Challenges due to SGV also have implications for other trace gas column measurements. For example, in Tang et al. (2020), satellite SGV and representativeness errors of in situ measurements introduced uncertainties in the validation of CO retrievals from the MOPITT (Measurement Of Pollution In The Troposphere) satellite instrument. Normalized SGV of the GeoTASO tropospheric NO2 VC might serve as an upper bound to the SGV of CO, SO2, and other species that share common source(s) with NO2 but with relatively longer lifetimes than NO2, even if their spatial distributions have different patterns (e.g., Chong et al., 2020). For example, at the resolution of 22 km×22 km (resolution of MOPITT CO retrievals), the expected normalized satellite SGV of tropospheric NO2 VC is ∼30 %. Therefore, we might expect the normalized satellite SGV for tropospheric CO VC to be lower than this value.
To demonstrate this idea, we use the WRF-Chem regional model as an intermediary step. At the model resolution, if the SGV of the WRF-Chem model and GeoTASO NO2 VC agree reasonably well, then the model can be used to predict the SGV of other species that are chemically constrained with NO2 at the model and coarser resolutions. This is shown in Fig. 8 which illustrates how SGV varies with satellite pixel size for NO2 VC, CO VC, SO2 VC, and HCHO VC calculated from a WRF-Chem simulation. The modeled NO2, CO, SO2, and HCHO concentrations are converted to VC and are filtered to match the rasters of GeoTASO measurements (Fig. S16). As expected, SGV of modeled NO2 VC is higher than SGV of modeled CO VC, SO2 VC, and HCHO VC. We also notice that SGV for modeled NO2 VC, CO VC, SO2 VC, and HCHO VC increases with pixel size, which is similar to that for GeoTASO measurements. The SGV for GeoTASO NO2 shown in this figure (black lines) is calculated based on GeoTASO data that are regridded to the WRF-Chem grid (3 km×3 km), making it slightly different from that in Fig. 4. We note that the modeled NO2 SGV is greater than that calculated from the GeoTASO data, indicating that further work is required to reconcile difference due to model descriptions of emissions, chemistry, and transport. Ideally, dense GeoTASO-type measurements of CO and other species would allow for a more comprehensive assessment of this approach.
This study is also relevant to model comparison and evaluation with in situ observations. Whenever in situ observations are compared to grid data (e.g., comparisons between satellite retrievals and in situ observations, comparisons between grid-based model and in situ observations, and in data assimilation), SGV will introduce uncertainties that need to be quantified to better interpret and understand the comparison results. For example, we note that at the resolution of 14 km×14 km (a typical resolution for the forward-looking Multi-Scale Infrastructure for Chemistry and Aerosols Version 0; MUSICA-V0, https://www2.acom.ucar.edu/sections/multi-scale-chemistry-modeling-musica, last access: 7 June 2021; Pfister et al., 2020), Fig. 8 shows that the expected normalized SGV of tropospheric NO2 VC is ∼ 25 %–30 %. This suggests that when comparing model simulations at coarser resolution with local observations of tropospheric NO2 VC, a larger normalized SGV than this ∼ 25 %–30 % might be expected. If comparing for a specific vertical layer instead of vertical column, an even larger normalized SGV may occur.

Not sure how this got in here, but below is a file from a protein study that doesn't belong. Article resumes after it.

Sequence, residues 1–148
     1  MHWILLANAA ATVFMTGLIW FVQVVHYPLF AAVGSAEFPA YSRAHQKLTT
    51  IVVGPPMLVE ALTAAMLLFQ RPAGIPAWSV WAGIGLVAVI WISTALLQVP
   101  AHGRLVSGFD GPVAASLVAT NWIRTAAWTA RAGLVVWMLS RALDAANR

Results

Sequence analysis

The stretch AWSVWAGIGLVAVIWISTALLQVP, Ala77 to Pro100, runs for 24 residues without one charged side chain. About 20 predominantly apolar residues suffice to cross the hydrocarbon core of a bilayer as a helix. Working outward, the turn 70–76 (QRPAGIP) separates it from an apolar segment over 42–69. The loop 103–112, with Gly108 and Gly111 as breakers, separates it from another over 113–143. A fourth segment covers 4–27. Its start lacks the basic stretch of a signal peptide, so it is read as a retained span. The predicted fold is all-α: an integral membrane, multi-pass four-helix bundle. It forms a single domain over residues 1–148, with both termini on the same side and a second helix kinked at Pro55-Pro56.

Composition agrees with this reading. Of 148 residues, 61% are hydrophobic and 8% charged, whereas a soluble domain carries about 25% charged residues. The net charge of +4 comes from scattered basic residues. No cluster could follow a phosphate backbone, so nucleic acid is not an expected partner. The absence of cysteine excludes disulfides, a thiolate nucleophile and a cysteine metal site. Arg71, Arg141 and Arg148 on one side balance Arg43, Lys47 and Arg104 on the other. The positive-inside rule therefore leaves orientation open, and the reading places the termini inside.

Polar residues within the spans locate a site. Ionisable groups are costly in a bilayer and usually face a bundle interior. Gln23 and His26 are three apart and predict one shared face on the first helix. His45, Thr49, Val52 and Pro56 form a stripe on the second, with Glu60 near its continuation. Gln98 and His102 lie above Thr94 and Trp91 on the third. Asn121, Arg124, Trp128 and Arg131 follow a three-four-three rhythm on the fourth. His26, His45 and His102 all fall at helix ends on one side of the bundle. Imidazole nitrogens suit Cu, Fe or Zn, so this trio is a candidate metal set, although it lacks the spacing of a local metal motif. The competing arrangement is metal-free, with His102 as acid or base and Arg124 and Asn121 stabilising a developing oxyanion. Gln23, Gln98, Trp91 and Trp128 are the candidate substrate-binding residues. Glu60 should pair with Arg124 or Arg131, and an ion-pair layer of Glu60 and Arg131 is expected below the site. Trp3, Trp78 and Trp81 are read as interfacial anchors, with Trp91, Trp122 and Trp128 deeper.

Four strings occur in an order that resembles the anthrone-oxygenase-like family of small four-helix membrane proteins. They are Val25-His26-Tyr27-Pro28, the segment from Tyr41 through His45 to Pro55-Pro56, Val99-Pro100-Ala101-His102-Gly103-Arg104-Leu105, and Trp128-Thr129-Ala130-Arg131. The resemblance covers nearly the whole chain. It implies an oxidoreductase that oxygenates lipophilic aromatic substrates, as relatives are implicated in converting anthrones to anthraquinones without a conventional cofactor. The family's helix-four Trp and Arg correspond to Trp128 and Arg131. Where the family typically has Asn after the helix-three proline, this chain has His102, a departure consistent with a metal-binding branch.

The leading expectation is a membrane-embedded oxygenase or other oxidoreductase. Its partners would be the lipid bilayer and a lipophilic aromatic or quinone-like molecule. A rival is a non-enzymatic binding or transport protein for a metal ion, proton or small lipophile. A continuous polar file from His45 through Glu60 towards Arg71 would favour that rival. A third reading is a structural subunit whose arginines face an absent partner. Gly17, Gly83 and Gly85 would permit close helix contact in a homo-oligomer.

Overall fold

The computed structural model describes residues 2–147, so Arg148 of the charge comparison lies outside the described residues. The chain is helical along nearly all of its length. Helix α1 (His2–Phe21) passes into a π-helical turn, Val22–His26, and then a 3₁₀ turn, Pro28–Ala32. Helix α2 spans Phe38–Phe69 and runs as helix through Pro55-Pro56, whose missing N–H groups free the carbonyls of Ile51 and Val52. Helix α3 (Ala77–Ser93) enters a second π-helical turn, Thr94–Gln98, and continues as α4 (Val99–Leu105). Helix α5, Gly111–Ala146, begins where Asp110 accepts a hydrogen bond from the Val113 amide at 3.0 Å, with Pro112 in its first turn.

For data assimilation and inverse modeling application (e.g., top-down emission estimations from satellite observations), it is essential to accurately characterize the observation error covariance matrix R (Janjić et al., 2018). The first component of R is the instrument error covariance matrix due to instrument noise and retrieval uncertainty in the case of trace gas satellite data. The second component is the representation error covariance matrix, arising from fundamental differences of the atmospheric sampling typically when assimilating a local point measurement into a grid-based model (Boersma et al., 2016). The observation error covariance due to representativeness error is difficult to define but can be parameterized when calculating super observations by inflating the observation error variances (Boersma et al., 2016) and quantified by a posteriori diagnostics estimation (Gaubert et al., 2014). Knowledge of the fine-scale model sub-grid variability is therefore essential to verify those assumptions and inform error statistics for application to chemical data assimilation studies. Our results suggest large potential improvements in emission estimates when assimilating high-spatial-resolution TROPOMI and GEO satellite data with SGV of ∼ 10 %–20 % (Fig. 4), compared to OMI data with SGV of ∼30 % (Fig. 4), in line with the existing literature for NO2 (e.g., Valin et al., 2011). We have also shown that significant temporal variability in NO2 is expected at higher spatial resolutions. This observed signal will open new avenues for space-based monitoring of atmospheric chemistry and will reduce errors of inverse estimates of fluxes.